Signing a deal with Tesla is one opportunity many automotive suppliers dream of, but Monterrey-based aluminum parts manufacturer Nemak turned down an offer due to the unrealistic production goals, according to an article by Bloomberg.
The story details that Elon Musk and other Tesla executives met with Nemak CEO Armando Tamez in the first half of 2016 to talk about the possibility for the Mexican company to supply aluminum housing components for its Model 3. “But Tesla’s projections, its prices and the pressure Musk had put on himself and his company to produce as many as 500,000 vehicles by 2018 was too much.”
The article shows how Tamez expertise and “conservative” approach when it comes to running the numbers came in hand when he was invited to take a look at the prototypes and the assembly plant.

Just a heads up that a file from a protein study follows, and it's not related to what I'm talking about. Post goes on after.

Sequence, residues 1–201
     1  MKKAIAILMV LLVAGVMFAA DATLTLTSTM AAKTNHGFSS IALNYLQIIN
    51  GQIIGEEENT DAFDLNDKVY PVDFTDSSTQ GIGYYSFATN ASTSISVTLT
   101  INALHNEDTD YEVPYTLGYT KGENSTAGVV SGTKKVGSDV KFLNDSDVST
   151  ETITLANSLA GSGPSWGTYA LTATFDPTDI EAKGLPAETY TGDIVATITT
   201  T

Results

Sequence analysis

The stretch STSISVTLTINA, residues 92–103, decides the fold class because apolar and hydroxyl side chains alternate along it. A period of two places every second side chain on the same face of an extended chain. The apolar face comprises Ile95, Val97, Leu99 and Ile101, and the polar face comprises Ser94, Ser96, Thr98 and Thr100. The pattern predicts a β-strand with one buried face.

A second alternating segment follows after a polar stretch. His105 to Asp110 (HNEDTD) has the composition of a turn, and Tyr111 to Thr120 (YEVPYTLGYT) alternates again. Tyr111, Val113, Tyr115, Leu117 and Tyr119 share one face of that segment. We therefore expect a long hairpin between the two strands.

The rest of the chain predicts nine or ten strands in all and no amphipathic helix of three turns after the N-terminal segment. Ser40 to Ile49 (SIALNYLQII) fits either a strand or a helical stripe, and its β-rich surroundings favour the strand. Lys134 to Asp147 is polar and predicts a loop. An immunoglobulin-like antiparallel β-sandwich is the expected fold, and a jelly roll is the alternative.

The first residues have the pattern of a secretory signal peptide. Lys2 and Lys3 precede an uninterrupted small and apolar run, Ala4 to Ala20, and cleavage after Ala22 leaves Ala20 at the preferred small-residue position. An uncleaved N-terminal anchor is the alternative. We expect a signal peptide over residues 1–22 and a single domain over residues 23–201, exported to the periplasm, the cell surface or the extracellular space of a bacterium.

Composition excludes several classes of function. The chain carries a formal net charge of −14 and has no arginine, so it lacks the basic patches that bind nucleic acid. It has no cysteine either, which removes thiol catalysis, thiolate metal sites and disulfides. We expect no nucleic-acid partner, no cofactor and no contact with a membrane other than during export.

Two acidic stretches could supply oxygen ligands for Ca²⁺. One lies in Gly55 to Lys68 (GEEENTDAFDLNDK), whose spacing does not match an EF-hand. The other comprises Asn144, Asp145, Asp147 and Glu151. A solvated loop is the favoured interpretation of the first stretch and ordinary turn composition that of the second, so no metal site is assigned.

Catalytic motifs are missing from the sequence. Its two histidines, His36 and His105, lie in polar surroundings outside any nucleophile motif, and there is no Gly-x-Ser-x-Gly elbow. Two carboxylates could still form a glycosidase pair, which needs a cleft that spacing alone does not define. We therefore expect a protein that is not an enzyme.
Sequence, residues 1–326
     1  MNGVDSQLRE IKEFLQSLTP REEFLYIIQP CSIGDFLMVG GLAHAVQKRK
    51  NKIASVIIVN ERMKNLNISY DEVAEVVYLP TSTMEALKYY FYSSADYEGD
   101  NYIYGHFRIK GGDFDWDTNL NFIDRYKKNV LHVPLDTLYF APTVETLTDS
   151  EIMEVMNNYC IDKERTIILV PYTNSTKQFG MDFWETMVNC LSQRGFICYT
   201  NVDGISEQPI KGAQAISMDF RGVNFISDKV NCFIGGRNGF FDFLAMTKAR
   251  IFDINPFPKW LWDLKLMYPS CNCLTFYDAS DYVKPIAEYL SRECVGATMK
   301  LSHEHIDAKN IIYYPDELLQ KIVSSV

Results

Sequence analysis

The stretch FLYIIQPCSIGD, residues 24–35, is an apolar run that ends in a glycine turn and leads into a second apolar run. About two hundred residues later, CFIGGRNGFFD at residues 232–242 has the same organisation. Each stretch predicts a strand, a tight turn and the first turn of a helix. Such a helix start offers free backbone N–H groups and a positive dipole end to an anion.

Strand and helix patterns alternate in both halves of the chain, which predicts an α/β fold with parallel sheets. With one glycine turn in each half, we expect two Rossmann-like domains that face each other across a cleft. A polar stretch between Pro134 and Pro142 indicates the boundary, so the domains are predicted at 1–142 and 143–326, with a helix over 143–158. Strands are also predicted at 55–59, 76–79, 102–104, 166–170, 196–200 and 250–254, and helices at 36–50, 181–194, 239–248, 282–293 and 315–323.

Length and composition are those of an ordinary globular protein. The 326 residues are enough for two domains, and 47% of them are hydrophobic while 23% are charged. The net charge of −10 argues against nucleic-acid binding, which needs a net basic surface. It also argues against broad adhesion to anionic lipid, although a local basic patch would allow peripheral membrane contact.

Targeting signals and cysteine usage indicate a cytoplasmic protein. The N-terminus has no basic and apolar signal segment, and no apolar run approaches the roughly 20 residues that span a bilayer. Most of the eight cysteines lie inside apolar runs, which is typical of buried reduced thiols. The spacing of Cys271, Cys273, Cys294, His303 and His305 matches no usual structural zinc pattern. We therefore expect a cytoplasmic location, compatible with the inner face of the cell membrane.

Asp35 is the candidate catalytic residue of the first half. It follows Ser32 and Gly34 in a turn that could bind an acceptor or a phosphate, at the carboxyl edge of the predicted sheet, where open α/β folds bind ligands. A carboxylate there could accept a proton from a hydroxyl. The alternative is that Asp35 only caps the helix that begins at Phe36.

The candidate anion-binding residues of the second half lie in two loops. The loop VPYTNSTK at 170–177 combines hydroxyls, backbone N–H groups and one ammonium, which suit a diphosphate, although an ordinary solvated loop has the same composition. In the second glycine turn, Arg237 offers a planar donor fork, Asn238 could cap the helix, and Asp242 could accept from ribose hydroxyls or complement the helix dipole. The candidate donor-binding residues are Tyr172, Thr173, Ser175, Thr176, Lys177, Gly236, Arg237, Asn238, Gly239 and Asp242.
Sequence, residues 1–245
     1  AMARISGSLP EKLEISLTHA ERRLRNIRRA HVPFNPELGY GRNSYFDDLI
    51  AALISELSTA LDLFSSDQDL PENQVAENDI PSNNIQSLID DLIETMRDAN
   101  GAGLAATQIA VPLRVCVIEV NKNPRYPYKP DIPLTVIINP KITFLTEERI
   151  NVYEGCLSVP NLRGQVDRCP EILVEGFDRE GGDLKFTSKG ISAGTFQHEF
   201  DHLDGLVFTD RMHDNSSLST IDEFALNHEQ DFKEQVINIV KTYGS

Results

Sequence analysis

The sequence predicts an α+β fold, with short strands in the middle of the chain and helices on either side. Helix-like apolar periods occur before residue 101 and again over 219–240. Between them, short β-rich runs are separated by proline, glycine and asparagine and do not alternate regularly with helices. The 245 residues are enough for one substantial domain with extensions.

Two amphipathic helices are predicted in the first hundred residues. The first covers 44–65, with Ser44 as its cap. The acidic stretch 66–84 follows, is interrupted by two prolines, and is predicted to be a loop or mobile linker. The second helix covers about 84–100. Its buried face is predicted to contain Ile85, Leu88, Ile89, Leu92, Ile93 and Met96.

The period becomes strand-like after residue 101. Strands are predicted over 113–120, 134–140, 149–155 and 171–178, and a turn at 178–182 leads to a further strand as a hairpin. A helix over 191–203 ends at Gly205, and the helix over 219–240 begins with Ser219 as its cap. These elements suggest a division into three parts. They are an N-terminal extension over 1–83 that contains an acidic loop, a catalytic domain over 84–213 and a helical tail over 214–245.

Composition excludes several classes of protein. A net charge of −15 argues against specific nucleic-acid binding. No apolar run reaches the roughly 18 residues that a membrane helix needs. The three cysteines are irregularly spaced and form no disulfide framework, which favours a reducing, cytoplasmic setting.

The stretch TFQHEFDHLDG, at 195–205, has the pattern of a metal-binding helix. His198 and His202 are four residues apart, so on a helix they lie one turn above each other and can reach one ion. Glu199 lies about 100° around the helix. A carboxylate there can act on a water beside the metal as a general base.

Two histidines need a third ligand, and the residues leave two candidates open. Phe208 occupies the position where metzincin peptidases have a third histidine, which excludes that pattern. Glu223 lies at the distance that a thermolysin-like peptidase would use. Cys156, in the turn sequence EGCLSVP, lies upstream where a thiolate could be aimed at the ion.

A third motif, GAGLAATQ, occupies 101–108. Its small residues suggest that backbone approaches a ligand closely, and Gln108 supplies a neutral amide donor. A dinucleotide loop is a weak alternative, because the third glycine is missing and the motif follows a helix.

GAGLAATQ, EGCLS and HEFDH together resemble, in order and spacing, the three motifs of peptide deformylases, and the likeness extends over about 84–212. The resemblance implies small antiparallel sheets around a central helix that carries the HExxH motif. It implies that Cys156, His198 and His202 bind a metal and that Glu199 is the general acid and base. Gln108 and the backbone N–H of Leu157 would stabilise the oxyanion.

Despite describing the Model 3 prototypes as “nothing short of extraordinary,” the official said he didn’t find Tesla’s production targets to be realistic. “The tricky part for Tesla would be ramping up production with the precision that other automakers have been doing it for years,” he added.
Bloomberg estimates Tesla has built an average 3,274 Model 3 vehicles per week (as of September 19), far below the half-a-million target. Building output capacity for 500,000 units that at the end wouldn’t be required would have cost Nemak a lot of money. “We just thought it was too high risk for Nemak,” Tamez said.
It’s worth noting that a Tesla spokesman denied the story and said that Nemak bid repeatedly to supply certain parts for the Model 3. "But after a competitive procurement process, the carmaker selected another supplier that was better aligned with its needs."
You can read the whole article here.